At its quietest time, the school regrettably housed only two pupils.
Today, the school still has far fewer pupils than originally intended. With the passage of time, we now have a very different village, environment and lifestyle. Despite all of these changes, we are one of the very few remote villages to have kept our school.
References to the hay harvest were common within the school log, and it seems that term dates revolved around the agricultural cycle with parents often withdrawing their eldest children to work on local farms.
Kielder School was shut for a whole month due to illness in 1929. In 1917 Kielder School cancelled Easter Holidays to catch up on lost time due to extremely bad weather earlier that year.
In the early years of Kielder School, winter holidays started on December 26th with lessons on Christmas Day.
One of the pupils in the winter of 1917-18 was released for a week to act as the village temporary postman.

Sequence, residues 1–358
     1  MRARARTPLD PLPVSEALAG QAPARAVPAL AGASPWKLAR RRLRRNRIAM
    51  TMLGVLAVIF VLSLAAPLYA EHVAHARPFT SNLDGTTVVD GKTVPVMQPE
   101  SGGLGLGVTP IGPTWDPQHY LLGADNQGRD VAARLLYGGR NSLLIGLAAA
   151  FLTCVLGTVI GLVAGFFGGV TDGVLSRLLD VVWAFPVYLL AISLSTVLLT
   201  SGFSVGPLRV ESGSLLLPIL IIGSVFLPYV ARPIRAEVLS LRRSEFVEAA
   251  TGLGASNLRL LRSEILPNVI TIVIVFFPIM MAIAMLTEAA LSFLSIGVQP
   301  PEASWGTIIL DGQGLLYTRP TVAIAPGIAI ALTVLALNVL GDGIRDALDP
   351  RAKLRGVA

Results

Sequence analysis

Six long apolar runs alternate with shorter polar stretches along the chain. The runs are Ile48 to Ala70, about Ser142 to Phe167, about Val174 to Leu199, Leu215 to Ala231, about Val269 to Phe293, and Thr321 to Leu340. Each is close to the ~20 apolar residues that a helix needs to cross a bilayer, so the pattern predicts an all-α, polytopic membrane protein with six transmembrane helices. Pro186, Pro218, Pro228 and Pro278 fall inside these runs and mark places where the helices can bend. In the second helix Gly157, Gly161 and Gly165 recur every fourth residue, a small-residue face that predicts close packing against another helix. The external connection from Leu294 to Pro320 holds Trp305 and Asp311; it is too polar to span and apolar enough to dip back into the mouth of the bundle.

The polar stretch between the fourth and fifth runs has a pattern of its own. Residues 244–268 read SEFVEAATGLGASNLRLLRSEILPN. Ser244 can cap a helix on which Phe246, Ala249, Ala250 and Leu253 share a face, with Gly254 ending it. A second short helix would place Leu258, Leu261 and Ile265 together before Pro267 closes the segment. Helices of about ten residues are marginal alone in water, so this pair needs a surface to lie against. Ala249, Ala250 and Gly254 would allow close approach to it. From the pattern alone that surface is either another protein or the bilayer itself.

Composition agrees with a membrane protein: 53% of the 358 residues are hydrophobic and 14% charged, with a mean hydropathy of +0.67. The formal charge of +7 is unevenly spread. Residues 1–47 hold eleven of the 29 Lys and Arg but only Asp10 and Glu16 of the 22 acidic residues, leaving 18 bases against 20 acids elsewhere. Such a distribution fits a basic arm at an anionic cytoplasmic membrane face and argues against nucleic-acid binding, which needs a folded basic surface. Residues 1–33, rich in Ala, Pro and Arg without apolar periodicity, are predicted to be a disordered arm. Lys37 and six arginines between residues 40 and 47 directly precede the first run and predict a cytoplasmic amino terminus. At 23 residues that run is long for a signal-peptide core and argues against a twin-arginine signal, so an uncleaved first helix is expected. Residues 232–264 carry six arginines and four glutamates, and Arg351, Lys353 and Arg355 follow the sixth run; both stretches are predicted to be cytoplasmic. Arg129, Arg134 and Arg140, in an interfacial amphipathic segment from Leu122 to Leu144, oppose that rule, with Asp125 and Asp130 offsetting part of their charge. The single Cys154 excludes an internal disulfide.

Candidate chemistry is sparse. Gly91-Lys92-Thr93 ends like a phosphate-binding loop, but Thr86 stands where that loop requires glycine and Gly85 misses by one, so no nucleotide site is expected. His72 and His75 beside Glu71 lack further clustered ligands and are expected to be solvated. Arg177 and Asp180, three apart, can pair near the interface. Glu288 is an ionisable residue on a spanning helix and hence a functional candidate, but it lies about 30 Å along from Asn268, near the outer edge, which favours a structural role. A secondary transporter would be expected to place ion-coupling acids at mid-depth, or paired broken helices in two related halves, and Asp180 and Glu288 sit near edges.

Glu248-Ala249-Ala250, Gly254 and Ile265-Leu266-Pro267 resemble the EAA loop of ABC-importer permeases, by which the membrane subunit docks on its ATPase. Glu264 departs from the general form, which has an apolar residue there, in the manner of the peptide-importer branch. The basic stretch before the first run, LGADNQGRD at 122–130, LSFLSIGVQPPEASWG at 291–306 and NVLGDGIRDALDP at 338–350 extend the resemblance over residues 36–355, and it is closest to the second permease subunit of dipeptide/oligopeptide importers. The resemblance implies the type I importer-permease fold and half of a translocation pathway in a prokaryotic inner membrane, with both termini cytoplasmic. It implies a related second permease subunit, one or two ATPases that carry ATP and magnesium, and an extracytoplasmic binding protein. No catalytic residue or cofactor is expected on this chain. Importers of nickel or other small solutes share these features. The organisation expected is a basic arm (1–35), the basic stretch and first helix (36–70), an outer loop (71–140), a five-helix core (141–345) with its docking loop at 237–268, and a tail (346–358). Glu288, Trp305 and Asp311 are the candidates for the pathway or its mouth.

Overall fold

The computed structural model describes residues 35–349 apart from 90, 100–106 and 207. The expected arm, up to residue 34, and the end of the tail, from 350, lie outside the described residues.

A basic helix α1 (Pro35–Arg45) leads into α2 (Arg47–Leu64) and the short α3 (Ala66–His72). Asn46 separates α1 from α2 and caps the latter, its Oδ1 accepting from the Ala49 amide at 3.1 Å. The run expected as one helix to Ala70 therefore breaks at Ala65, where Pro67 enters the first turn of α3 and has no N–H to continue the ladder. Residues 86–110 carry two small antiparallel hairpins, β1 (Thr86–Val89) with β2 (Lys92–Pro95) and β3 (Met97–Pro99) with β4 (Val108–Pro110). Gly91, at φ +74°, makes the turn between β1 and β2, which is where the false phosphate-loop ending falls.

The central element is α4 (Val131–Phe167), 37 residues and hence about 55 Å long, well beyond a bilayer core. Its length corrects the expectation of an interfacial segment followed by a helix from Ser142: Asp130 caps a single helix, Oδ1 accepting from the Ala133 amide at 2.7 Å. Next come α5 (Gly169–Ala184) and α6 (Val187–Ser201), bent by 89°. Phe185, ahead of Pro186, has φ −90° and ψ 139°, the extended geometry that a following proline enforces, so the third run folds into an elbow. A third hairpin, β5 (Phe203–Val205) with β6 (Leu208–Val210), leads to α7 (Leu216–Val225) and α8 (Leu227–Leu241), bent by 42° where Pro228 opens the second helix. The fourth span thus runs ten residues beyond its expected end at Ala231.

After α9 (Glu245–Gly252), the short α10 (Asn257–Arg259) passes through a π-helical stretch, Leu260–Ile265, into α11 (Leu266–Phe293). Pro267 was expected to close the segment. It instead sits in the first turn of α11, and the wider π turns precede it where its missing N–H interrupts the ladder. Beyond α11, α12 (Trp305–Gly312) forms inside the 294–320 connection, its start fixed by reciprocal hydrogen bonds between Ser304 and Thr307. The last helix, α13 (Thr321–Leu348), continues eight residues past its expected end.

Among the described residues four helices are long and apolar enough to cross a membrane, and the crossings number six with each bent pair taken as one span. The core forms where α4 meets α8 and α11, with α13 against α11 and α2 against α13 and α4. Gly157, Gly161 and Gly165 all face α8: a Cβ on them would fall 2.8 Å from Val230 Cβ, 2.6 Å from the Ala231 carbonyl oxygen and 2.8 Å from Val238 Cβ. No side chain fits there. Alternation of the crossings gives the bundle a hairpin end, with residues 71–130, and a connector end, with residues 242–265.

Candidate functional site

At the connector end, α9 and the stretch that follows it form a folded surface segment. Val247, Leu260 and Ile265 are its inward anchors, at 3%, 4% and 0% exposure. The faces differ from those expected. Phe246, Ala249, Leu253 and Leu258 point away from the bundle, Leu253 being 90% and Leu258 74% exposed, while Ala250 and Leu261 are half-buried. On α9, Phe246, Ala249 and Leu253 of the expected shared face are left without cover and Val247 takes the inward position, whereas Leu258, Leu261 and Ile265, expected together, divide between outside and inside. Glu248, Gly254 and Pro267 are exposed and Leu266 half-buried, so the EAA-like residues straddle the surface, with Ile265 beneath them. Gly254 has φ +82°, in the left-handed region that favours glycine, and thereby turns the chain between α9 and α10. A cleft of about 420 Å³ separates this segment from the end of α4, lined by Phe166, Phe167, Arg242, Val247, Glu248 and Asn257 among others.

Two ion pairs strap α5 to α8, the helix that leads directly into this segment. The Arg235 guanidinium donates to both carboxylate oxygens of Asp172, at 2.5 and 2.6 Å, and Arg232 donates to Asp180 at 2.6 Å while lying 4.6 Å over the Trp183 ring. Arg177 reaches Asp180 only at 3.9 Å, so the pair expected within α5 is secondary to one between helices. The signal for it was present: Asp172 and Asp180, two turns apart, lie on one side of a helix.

A new wooden building was built in 1940, to accommodate the expected influx of wartime 'evacuees'.
In 1945, during a particularly bad winter, the headmistress wrote to the Director of Education explaining:
"...all ink frozen solid in the inkwells ...milk and sandwiches frozen solid ...the temperature is lower than the thermometer can measure ...the toilet is frozen solid ...the wind blows directly to the underside of the floor and pupils regularly have to exercise and warm their feet during lessons and 50% of the pupils are off ill with colds or bronchitis."
This has been a brief snapshot into the journey Kielder School has travelled.
Further information is available from other web pages and literature.
Anyone who can add any links, information, stories or literature would be greatly appreciated.